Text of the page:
I represent a state domestic violence coalition made up of over 100 direct service providers that serve the needs of 254 counties in Texas. We recently completed a three year commitment to a CDC initiative called DELTA PREP.
One of the components I appreciate the most about public health is its intersection with a myriad of professional fields, sectors and partners. Recently, I had the opportunity to represent the CDC Foundation and participate in field work for the Rocky Mountain Spotted Fever (RMSF) project; a project exemplifying the role public health plays in partnerships, engaging the community, and implementing targeted interventions to improve community health.
I’ve seen first-hand the devastation caused when single-use items and medications are reused on multiple patients. My wife, Evelyn, was one of 99 Nebraskans infected with hepatitis C in 2000 while receiving treatment for cancer.
I’ve been thinking a lot lately about the deep budget cuts that are straining the capacity of CDC, along with state and local health agencies across the country. In these tough times, community leaders have to figure out creative ways to help close the gaps to keep America healthy, safe and secure.
CDC Foundation Board Member David Ratcliffe shares the value of public-private partnerships in the Atlanta Journal-Constitution: "The CDC Foundation serves as a bridge, connecting corporations and foundations to CDC. From a business perspective, partnerships through the CDC Foundation offer a unique opportunity to empower meaningful change on the daunting issues that affect the health, safety and security of their employees and customers."
We were thrilled that the CDC Foundation asked us to assist CDC on a campaign to help reduce infections in cancer patients. It’s a perfect opportunity for two organizations with complimentary expertise to join forces and leverage each other’s strengths for the benefit of patients.
In a white-walled wing of the CDC campus in Atlanta is a semi-tropical area filled with mosquitoes – CDC’s insectary. I went there to meet some of the entomologists working there, and the research they are doing is fascinating.
As clinicians, we know that the nearly one million patients who receive outpatient cancer treatment each year are at risk for serious infections that may lead to hospitalization, disruptions in chemotherapy schedules, and in some cases, death.
It was a privilege to travel with such an impressive delegation and to personally witness the enormously positive impact that CDC and PEPFAR have. Although I’ve traveled over 20 times to sub-Saharan Africa over the past decade, this was the most in-depth opportunity I’ve had to understand the frontline global health impact of CDC.
CDC is on the ground 24/7 protecting us from health, safety and security threats. We are proud to support CDC's life-saving work, and you are vital to our efforts - helping CDC apply groundbreaking research and real-time emergency response to safeguard our nation. Thanks for helping CDC protect us all by keeping America healthy, safe and secure.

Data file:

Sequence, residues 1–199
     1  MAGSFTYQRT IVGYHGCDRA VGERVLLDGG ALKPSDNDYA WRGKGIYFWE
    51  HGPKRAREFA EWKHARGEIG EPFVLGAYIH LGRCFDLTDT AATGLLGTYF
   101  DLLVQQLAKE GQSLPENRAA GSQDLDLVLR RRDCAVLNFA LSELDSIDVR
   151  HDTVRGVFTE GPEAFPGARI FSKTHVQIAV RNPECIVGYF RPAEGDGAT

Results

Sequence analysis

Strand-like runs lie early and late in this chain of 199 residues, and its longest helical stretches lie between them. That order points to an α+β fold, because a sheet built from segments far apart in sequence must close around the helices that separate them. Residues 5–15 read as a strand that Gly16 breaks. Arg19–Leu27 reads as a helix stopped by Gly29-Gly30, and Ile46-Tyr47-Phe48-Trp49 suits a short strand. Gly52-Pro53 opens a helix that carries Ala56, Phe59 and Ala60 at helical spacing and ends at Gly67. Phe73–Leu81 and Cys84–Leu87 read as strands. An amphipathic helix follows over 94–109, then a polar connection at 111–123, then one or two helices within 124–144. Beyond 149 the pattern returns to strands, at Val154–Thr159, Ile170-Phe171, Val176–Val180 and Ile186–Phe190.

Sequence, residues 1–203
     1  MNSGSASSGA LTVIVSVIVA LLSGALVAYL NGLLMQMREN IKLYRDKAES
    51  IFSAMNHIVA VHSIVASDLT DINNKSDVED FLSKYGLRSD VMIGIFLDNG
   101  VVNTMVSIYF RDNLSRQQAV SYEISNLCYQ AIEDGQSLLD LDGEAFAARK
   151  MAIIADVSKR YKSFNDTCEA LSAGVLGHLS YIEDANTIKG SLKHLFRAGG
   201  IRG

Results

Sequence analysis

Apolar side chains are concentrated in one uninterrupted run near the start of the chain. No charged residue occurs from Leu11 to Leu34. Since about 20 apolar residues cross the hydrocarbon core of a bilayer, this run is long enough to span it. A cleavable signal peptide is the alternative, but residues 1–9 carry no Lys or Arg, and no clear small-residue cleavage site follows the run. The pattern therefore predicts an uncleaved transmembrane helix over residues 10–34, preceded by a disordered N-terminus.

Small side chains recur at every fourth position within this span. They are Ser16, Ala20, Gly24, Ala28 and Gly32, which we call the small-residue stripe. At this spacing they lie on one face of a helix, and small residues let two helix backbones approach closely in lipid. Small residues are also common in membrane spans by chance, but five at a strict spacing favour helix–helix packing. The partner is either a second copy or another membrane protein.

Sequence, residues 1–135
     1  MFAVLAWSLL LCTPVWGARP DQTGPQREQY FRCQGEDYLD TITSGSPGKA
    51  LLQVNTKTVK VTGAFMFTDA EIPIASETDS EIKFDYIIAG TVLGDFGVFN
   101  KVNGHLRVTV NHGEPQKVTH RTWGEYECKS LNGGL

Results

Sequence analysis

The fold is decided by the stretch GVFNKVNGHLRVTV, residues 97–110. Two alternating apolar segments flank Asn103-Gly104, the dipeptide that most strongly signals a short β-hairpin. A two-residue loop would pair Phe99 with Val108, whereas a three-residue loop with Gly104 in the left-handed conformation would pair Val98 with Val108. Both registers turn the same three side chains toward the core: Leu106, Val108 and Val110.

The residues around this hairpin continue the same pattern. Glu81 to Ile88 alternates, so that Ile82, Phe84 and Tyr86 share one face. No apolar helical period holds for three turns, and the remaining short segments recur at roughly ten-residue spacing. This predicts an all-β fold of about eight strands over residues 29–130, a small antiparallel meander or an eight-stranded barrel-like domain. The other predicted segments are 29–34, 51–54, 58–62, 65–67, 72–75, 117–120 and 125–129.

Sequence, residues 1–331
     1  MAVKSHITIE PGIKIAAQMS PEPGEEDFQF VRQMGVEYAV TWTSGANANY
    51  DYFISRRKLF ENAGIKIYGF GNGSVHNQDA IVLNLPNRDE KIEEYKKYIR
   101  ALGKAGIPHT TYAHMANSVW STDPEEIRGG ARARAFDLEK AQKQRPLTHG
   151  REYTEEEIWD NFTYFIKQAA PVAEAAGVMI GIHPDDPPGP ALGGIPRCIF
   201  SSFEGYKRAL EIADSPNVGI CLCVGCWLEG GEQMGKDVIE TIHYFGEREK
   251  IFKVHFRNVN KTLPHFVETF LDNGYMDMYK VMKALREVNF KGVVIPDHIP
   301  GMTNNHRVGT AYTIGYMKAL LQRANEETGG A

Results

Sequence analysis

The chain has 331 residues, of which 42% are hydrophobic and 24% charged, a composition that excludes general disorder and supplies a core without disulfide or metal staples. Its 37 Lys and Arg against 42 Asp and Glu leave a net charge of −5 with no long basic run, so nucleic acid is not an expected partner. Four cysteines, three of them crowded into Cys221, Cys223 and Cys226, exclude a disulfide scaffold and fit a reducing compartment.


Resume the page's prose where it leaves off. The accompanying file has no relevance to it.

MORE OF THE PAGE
This article was originally published by MikeBloomberg.com.
Marking five-years of significant progress on global anti-tobacco efforts, Bloomberg Philanthropies today – for the first time - has released a progress report related to the global Bloomberg Initiative to Reduce Tobacco Use (the Initiative).
Watching Hands: Artists Respond to Keeping Well showcases the work of six artists who interpret the act of handwashing in innovative and unexpected ways. The artists stretch the boundaries of current public health campaigns through painting, drawing, graphic design, sculpture, installation and new media. Making the connection between handwashing and keeping well, the work – all new for this exhibition – ranges from the humorous to the spiritual. Watching Hands is organized by the David J.
Contest Raised Awareness about Preventing Recreational Water Illnesses
Pools are great places to spend the summer, but they are also places where germs can spread. Germs in the water can cause recreational water illnesses (RWIs), such as diarrhea and skin, ear, and eye infections, when we swim. To help prevent the spread of germs that cause RWIs, the Centers for Disease Control and Prevention (CDC)'s Healthy Swimming Program launched its first-ever video contest to encourage the public to create short, original videos that promote healthy swimming behaviors.
The nation’s response to Hurricane Katrina, 9/11, novel H1N1 flu and other emergencies highlights the urgent need for leaders to work collaboratively across public and private sectors to respond to crises.
Charles Stokes, CDC Foundation president and CEO, in a ceremony last evening received the Atlanta Business Chronicle’s 2013 Health-Care Hero Lifetime Achievement Award for his work helping the Centers for Disease Control and Prevention (CDC) advance its life-saving 24/7 work through public-private partnerships.
May is Hepatitis Awareness Month. In recognition, the Centers for Disease Control and Prevention released a new Vital Signs report to raise awareness about the importance of testing baby boomers for hepatitis C.
Recently I had the opportunity to attend the 2013 Milken Institute Global Conference, attended by 3,700 global leaders from across the health, education, philanthropy, government, media, finance, business and energy sectors, including 18 members of Congress.